During the 1900s, being anything other than heterosexual was illegal in Dallas, Texas. Members of the LGBTQ community were ghettoized in an area called
Oaklawn – otherwise known as Dallas’ Gayborhood. In the 1930s gays would meet in secrecy between the Magnolia Petroleum building and Commerce and Arkard streets, what was better known as “Maggie’s Corner.” The area was lined with bars that required a gestured code to enter – and it faced continued prejudice. In 1964, hundreds were arrested and deemed “perverts.”
Although there were years of perpetual social isolation for gays across Texas, along with many areas of the United States, their march towards justice persisted. Today, the gay bars have now been replaced with restaurants and apartments that are occupied by heterosexuals and LGBTQ members alike. This a representation of today’s progressive millennial climate and their desire to achieve a more diverse society.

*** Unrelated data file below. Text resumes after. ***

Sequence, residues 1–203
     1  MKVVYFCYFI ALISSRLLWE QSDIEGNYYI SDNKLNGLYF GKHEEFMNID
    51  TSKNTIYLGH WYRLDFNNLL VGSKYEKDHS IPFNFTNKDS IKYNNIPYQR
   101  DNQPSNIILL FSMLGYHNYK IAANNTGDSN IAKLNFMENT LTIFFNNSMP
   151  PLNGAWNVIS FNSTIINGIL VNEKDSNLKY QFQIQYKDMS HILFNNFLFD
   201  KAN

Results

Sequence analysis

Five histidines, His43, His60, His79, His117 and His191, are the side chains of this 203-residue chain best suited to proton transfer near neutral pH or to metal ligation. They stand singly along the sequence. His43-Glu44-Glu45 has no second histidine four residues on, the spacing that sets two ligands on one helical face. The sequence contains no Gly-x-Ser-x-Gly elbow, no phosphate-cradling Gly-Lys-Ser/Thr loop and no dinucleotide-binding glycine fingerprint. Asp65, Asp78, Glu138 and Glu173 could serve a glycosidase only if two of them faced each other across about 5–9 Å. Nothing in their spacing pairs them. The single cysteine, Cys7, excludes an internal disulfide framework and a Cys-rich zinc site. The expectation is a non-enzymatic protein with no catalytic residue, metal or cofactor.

In October of 2018, the roots of Texas’ gay community were granted a marker to recognize their struggles towards societal inclusion in the South. It is fair to say that Texas has not yet reached equal historical representation for the LGBTQ community – considering that there are over 27,000,000 million LGBTQ+ members and one historical marker – but I think this will alert Texans of the need to urge local and state historical commissions to share LGBTQ history and other less-known stories.
Texas has often been reluctant to incorporate different perspectives into its history, so this marker not only serves as justice for the Texas LGBTQ community, but also as a triumphant symbol for Texas History.